You’ve probably heard this buzzword before but do you really know what it means? If you’re feeling heavy, tired and like screaming when you hear the word Monday then you may be on the verge of burnout. Here’s everything you need to know and how to avoid reaching breaking point.
How is it different to stress?
Stress is characterised by a single problem causing you tension. It is short-term and once you find a solution you can move on. Chronic stress is an ongoing stream of problems. It’s longer-term however you are still able to see a way out. Burnout is basically level 3 on this tensions pyramid; it is living a stressful existence to the point of exhaustion and lethargy. It is when you cannot see a way out of your problems and therefore find it easier to disengage with them totally.
The main difference between stress and burnout is the level of activity. Stress puts you into ‘fight or flight’ mode and relies on an overactive body and mind. Burnout is the opposite. It has reached the point where you are detached, unresponsive and out of energy to try any harder. This is why it can easily be mixed up with depression.
Burnout can feel similar to depression however they are considered different conditions. The main distinction is that burnout starts with work stresses and overworking whereas depression is a more general condition that can stem from friends, family and even recreation. The concern is when burnout continues it can form into more serious depressive episodes.
Common causes of burnout
Burnout is typically characterised by work-related stress. But, it’s not just for the high-flyers and CEOs. Feeling undervalued and overworked in any company or industry is going to set you on a dangerous path. So how can you tell if you’re at risk of burnout? Here’s a few of the common causes to be aware of:
– An overly demanding workload
– Monotonous and repetitive tasks
– Poor work-life balance
– Lack of supportive relationships or inability to accept help from others
– Feeling out of control of your work
– Bad working relationships e.g. a pushy manager or colleague
Symptoms to look out for
Sometimes you won’t be self-diagnosing burnout but looking for it in friends and family members. If you have reason to believe their workplace is causing excessive stress then these are the symptoms to keep an eye on:
– Dreading going to work every morning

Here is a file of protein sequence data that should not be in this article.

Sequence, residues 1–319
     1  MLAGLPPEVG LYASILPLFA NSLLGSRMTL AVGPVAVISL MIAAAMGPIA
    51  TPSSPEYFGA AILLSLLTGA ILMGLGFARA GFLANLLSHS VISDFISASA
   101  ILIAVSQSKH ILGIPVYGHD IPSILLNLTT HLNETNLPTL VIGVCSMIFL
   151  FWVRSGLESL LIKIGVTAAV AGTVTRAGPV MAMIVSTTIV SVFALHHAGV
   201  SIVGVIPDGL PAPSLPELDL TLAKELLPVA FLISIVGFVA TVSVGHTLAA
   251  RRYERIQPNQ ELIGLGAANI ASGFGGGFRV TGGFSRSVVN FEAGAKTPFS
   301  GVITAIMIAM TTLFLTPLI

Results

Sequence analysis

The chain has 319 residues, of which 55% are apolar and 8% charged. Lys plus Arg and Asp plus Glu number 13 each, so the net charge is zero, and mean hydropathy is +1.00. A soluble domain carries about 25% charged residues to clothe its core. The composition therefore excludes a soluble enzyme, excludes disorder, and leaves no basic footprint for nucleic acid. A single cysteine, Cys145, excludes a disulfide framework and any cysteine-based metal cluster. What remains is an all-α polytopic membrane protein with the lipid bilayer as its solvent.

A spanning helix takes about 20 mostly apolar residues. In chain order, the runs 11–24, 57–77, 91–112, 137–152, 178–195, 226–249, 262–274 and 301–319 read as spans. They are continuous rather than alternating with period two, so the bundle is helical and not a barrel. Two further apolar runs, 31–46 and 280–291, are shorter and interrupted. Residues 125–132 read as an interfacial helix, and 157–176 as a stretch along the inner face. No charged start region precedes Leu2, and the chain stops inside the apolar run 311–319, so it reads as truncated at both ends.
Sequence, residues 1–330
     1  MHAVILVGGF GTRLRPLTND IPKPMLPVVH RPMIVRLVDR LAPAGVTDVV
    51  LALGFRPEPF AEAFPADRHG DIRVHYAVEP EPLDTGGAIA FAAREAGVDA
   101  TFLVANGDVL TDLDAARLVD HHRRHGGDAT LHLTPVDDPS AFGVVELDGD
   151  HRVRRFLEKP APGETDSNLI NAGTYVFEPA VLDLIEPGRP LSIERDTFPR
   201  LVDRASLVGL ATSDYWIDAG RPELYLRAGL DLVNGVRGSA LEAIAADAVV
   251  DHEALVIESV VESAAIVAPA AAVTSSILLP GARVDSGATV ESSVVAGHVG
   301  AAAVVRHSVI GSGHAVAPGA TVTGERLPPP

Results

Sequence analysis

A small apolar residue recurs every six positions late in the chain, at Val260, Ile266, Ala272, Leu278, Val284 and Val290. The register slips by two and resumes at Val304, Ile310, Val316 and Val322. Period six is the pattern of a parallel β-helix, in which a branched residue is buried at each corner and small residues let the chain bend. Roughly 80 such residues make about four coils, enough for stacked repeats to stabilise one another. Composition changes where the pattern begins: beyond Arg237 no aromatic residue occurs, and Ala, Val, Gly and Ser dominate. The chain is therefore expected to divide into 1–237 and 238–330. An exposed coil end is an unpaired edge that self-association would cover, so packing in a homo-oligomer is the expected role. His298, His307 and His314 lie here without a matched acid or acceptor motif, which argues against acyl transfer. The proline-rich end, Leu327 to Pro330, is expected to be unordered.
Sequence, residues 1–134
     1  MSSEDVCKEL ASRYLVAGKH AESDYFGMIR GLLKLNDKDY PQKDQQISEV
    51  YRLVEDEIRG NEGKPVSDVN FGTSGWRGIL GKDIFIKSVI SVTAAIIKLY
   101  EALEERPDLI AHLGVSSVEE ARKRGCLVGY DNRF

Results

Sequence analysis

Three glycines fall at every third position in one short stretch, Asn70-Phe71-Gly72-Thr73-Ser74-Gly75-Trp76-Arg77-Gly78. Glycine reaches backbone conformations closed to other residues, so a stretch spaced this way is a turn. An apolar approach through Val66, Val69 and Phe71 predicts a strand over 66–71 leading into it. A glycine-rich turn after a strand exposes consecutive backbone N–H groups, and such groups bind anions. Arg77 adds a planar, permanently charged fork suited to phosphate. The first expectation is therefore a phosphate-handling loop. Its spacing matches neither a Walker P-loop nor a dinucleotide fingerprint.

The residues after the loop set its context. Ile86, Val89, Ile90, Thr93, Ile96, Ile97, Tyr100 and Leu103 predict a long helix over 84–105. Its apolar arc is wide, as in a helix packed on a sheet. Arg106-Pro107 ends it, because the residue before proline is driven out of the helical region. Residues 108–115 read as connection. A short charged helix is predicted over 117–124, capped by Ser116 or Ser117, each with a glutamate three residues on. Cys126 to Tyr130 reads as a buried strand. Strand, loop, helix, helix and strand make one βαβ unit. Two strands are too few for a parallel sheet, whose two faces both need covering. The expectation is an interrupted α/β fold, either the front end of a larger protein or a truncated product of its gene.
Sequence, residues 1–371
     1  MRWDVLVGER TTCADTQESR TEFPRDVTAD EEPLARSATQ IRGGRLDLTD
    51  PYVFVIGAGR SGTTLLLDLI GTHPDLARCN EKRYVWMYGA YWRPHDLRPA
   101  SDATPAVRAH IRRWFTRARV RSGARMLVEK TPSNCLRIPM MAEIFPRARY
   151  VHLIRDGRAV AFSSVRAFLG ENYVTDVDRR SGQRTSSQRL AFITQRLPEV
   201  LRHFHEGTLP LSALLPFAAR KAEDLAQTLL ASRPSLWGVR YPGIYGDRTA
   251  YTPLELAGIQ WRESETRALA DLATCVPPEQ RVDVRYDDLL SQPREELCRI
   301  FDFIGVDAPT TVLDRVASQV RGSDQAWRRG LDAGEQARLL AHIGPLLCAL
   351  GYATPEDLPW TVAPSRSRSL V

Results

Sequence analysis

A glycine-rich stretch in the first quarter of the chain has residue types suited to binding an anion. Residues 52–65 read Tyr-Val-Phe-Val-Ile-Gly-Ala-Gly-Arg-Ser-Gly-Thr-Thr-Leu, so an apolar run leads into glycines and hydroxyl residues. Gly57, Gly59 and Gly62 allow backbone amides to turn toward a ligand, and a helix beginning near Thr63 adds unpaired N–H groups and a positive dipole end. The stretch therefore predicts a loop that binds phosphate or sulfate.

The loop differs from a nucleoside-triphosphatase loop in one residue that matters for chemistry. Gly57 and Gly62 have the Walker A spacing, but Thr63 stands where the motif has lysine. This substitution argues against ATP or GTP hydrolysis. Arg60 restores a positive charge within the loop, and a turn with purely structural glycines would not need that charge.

– A reliance on food, alcohol and other addictive substances to fill the voids
– They no longer take pride in your work or feel satisfied by your achievements
– They’ve stopped caring for your health, fitness and hygiene
– They can’t stop thinking about work (even when they’re not there)
How to avoid burnout
Go on a holiday
It feels like the last thing you have time for but it’s the first thing you truly need. The best way to avoid burnout is to distance yourself from work at the first sign of lethargy. Look for spontaneous holiday packages that will save you money and time planning; it’s less about where you go and more about getting away ASAP.
Set aside proper relaxation time
If leaving your job unattended is really not an option then the next step is making sure you have a healthy work-life balance. Whether it’s taking up a new hobby that forces you out of the office or upgrading your home theatre setup for frequent movie nights; the key is finding a way to switch your mind from work to fun. A healthy working week should include 2 days off so check your schedule and slot in time to let go.
Unplug the tech
Being constantly available with phones and emails is making it harder to stick to a 40-hour work week. Log out of work at the end of the day both physically and mentally. Anything that comes up overnight is able to be dealt with in the morning. Working overtime should be an exception, not the rule.
Hang out with friends more
Maintaining supportive relationships and a strong work-life balance are two key factors in preventing burnout. It doesn’t have to be venturing out and about every night of the week either. So what if your house is a mess; friends won’t judge. Just tidy up the dining room and invite them over for a night of great food, wine and gossip. It’s less about them fixing your problems and more about having someone validate your feelings or tell you when you’re overreacting.
Know when to walk away
Sometimes it doesn’t matter what you try to change, there’s an external factor keeping you down. If you’re unable to find ways to change the habits or workload that is stressing you then it might be time to look elsewhere. Money and careers are important but your health should remain top priority.